Sorry to anybody actually reading this blog. Its not very uplifting, and not very well written either. Its also become a bit of a "what I did today" blog which is going to get boring fast. I do have deep thoughts occasionally, but I tend to forget about them as soon as the next crisis appears. I know, excuses, excuses (as if I don't get enough of them at work).
Tired. Tired of people who should be helping, setting up other caseworkers for failure (this comes from another caseworker getting stuck with a really bad foster placement. They even pulled the license on this family, but then placed a difficult case with them- way to look out for each other and all that other stuff they talk about in training. The father couldn’t get over the fact that the 12 year old lied to him. Ummm even “normal” 12 year old girls lie... did he forget why this child is in foster care, cause I'm sure she hasn't.)
Tired of explaining to families what is expected, and then having them blame everybody for their short comings. Tired of kids making poor choice after poor choice. Tired of having no good answers. Tired of people ignoring suggestions that could work. Tired of the system that uses increasingly limited funds on families that aren’t willing to put forth any effort, while turning away families that are on the edge. Tired of the generational abuse that seems to say what I do doesn’t make much of a difference.
I've read on a couple of people's blogs about how the suggestion they get from their caseworker, is "have you tried a sticker chart?" I know with seriously mentally ill kids a sticker chart isn’t going to do anything, and chances are the worker knows that as well. I get how frustrating that must be for parents. The caseworker is frustrated too, and there are no easy answers. But the fact of the matter is that, token economies do tend to work for most kids. Even my kids in residential treatments respond to token economies or “sticker charts” (for the seriously mentally ill ones they have to first get stabilized, usually on meds). So with the caveat of not dealing with a serious mental illness read the following, if you still want to.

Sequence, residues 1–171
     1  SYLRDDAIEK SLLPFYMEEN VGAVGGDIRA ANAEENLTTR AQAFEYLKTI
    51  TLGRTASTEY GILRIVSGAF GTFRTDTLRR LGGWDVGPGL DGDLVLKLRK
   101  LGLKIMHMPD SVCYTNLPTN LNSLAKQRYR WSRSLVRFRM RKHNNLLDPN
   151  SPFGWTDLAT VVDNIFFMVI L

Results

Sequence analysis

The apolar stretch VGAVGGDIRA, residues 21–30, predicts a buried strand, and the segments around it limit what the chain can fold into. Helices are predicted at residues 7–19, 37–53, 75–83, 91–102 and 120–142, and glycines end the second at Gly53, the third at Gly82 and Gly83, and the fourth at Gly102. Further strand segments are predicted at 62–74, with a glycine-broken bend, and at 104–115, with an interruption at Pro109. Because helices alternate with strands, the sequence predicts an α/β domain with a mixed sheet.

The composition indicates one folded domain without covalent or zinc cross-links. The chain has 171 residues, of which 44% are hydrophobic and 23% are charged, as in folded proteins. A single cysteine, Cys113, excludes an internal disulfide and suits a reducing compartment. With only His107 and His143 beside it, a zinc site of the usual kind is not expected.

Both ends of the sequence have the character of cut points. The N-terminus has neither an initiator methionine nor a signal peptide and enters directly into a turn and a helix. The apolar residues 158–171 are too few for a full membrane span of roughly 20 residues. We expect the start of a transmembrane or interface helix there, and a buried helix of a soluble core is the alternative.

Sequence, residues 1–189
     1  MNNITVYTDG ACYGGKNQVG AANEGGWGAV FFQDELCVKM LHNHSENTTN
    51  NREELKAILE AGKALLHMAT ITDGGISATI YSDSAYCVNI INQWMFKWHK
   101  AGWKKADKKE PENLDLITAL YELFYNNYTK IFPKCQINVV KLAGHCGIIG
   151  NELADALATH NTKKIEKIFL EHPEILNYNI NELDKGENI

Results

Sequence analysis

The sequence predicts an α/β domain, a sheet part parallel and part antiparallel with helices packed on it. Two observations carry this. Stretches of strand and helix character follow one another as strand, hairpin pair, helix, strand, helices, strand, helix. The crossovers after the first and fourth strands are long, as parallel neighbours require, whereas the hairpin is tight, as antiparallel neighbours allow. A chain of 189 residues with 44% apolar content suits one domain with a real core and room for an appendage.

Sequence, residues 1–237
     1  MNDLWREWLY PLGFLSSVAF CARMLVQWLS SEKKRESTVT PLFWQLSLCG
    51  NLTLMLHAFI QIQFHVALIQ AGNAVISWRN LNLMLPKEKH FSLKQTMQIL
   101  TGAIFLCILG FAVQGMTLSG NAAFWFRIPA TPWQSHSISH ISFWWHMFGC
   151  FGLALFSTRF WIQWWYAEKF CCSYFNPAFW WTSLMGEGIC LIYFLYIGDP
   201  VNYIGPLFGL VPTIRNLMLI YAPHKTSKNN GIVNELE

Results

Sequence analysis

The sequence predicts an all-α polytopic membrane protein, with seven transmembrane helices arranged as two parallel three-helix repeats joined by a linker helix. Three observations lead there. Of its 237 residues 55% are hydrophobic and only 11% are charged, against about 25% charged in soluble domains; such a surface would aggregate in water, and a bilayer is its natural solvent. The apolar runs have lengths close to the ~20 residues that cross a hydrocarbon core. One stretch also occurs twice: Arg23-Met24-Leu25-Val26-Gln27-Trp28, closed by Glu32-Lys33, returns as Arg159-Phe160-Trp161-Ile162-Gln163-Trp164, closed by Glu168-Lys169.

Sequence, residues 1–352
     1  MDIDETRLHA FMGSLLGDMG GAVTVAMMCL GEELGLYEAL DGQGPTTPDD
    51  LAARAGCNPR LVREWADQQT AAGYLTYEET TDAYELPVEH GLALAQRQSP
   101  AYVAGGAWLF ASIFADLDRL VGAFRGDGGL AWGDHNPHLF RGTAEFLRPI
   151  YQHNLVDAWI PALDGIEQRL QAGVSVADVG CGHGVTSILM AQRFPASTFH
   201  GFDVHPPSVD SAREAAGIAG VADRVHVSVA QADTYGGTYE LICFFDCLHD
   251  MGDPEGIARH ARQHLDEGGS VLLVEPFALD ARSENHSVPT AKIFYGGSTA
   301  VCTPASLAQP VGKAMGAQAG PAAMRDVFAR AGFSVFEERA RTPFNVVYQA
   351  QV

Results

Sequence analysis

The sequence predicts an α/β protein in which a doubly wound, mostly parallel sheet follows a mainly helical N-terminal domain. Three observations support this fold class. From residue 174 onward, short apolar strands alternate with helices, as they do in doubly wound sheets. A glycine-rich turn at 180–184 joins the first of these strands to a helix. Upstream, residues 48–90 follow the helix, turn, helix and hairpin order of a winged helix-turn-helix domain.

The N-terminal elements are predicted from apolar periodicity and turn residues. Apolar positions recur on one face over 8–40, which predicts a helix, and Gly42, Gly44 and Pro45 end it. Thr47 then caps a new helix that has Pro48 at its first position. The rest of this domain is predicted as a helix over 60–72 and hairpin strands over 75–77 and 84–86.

I'm tired of people saying, "I tried that, it didn't work." I strongly feel that it doesn't matter what you try, as long as you stick to whatever program it is (just ask Super Nanny :)). Charting or whatever you want to call it is important. It lets the professionals understand where we are with this kid. Sticker charts in and of themselves don't work, but giving a kid specific goals with specific outcomes does. Often the idea behind a token economy is breaking the day into minutes, sections, manageable pieces. Finding a childs’ triggers, motivation, etc is helpful. Finding places where kids can excel, and figuring out the kids' cycles is really important. Charting can help do all of this, just please don’t get stuck on the idea of a “sticker chart”. Not sure where all this came from. I just have an overwhelming feeling of Frustration right now.
Have you read "The Boy Who was Raised as a Dog" by Bruce Perry? I thought it was an interesting book. He did a presentation last year (or maybe the year before?) in our state and it was great to hear about the research they are doing, and the success they've had using his methods. He showed us that they've got a way to clearly map the missing pieces in a child's brain due to early neglect/trauma and how thier program helps fill in these gaps. But unfortunately his methods aren't available outside of their facility yet, that I've heard. This is frustrating to me.
This is one of the reasons I went into social work. I was actually drawn more to the scientific research and results in something like sociology, but came to understand that for me it isn’t enough to understand how or even why things happen, I need to do something.
Actually, I just looked up his site again, and they are offering some free courses to help people understand working with maltreated kids so there goes a useless rant. Nonetheless the feeling behind the rant still works. I’m fine with people making a buck, but if there is something that will help any of my kids, there better be a darn good reason for not making it available! (http://www.childtraumaacademy.com/)
I've had good things happen this past week, so not sure why its all negative. Guess I feel that way often on Sunday nights anticipating another fun filled Monday adventure.
Teaching children Gratitude.
9 months ago